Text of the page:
April 18, 2019

The Path to a Higher Freedom: The Forest Passage by Ernst Jünger

This review appears in the Summer 2014 issue of Modern Age. To subscribe now, go here.
Download PDF version here.

The Forest Passage by Ernst Jünger, trans. Thomas Friese
(Candor, NY: Telos Press, 2013)


This is a book about freedom. It was first published in 1951 as a response to the Nazi experience and the perceived threat of Soviet expansion. Its explicit focus was resistance to the totalitarian state. Yet its implicit focus is resistance to all forms of social control, including the soft totalitarianism of present-day mass democracy. And this why Ernst Jünger’s classic remains relevant today, and that is why Telos Press has reissued it.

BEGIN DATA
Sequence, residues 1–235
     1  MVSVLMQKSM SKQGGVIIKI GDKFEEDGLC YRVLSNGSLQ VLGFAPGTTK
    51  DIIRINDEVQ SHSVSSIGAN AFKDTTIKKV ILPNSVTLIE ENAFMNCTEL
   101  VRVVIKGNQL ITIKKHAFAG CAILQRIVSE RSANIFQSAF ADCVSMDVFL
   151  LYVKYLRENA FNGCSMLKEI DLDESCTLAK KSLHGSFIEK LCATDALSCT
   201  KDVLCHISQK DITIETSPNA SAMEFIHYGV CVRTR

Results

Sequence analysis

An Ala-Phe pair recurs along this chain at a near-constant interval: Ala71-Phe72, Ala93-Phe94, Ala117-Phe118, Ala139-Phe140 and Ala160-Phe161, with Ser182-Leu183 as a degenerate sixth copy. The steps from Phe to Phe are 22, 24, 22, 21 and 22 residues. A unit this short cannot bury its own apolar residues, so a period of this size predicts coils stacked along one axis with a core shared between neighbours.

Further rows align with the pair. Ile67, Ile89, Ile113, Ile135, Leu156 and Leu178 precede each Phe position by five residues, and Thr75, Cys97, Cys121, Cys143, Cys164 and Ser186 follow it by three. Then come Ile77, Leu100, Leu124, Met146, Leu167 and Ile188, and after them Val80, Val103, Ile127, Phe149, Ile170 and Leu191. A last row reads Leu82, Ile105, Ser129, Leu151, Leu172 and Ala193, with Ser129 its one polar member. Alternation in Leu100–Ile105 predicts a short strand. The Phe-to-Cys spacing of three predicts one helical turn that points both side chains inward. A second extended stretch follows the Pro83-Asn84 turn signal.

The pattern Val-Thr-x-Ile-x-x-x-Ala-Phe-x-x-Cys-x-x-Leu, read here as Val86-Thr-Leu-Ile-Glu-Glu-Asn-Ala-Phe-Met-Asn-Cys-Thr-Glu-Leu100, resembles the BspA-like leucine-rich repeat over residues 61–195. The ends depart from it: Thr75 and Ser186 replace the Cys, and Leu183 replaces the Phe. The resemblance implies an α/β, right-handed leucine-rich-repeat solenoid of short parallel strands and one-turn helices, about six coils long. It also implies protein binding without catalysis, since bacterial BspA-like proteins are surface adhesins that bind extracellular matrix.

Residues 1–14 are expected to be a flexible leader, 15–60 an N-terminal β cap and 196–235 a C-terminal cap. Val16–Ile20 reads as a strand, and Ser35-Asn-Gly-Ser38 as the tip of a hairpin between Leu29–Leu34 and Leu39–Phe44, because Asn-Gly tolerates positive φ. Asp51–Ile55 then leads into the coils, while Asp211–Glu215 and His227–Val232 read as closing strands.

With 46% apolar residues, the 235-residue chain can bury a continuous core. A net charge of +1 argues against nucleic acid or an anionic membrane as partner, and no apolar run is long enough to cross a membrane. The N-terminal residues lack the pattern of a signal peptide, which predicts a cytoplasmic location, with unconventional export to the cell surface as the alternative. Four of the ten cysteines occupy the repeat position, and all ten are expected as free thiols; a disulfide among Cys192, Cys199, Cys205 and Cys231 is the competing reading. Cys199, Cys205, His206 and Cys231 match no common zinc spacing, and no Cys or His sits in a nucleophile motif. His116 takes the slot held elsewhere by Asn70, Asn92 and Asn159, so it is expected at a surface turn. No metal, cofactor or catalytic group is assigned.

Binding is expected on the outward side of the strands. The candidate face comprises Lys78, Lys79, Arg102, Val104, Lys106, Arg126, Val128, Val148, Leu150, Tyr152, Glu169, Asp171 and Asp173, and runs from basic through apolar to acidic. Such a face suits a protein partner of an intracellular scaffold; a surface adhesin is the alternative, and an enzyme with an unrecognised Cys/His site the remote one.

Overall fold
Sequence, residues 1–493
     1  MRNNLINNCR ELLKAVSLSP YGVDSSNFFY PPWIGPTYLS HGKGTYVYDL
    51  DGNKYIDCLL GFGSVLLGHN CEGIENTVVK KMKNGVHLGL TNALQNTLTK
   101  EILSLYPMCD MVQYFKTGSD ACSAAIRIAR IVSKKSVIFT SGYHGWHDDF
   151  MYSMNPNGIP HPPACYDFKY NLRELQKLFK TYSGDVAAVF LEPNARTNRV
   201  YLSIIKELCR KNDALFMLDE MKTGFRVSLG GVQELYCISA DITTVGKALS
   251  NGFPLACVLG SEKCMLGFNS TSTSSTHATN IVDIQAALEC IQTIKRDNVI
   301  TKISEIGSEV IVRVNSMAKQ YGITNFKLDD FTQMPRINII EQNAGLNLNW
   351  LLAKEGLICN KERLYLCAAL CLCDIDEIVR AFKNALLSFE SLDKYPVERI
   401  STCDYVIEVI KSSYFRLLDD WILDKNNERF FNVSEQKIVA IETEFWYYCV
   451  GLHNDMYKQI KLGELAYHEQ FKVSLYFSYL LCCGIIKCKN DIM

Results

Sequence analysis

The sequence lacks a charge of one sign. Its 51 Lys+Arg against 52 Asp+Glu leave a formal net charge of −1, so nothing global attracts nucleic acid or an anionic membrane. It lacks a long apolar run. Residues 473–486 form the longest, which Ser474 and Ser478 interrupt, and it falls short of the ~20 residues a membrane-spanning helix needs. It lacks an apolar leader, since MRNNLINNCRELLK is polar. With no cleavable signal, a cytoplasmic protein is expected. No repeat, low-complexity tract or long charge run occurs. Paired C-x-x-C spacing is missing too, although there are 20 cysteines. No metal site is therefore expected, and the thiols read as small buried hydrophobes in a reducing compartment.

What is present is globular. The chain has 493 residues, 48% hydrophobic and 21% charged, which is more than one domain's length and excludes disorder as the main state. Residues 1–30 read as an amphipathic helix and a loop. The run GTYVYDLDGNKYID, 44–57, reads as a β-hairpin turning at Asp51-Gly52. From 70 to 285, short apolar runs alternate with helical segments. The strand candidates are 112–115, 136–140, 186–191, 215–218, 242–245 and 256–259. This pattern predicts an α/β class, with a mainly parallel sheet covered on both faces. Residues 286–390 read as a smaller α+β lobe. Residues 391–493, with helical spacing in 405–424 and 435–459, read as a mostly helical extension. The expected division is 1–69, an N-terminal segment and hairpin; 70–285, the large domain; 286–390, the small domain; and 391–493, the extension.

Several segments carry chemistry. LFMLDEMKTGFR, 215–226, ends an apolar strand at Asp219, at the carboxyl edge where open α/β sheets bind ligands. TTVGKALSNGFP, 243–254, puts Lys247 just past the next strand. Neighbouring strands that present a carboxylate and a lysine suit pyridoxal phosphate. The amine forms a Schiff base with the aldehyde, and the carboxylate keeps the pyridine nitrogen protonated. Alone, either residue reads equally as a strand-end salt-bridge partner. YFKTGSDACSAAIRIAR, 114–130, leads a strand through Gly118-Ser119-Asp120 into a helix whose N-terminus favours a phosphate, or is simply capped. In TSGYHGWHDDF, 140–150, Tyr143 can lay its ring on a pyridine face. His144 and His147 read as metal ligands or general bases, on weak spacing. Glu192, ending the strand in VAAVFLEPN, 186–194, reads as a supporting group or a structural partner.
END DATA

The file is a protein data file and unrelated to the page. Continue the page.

Ernst Jünger (1895–1998) was twentieth-century Germany’s most prolific author. He was also the most controversial. He was a highly decorated soldier in World War 1 who first gained literary fame writing about his war experiences. Jünger aligned himself with the political Right during the 1920s and 1930s and wrote scathing attacks against the Weimar regime and the decadence of liberal democracy and communism. He championed a German nationalism based on aristocratic and martial values.

His early writings gained him a reputation as a fascist and militarist, an image that haunted him for the rest of his long literary career. But Jünger distanced himself from Hitler and the Nazis early on, realizing that the political Right and Left differed little; both led to totalitarianism. The war and Germany’s defeat changed Jünger’s perspective even more. His militarist leanings changed to an existential quest—a way to find freedom in the modern world, in which the mechanisms of total social control continued to multiply.

April 3, 2019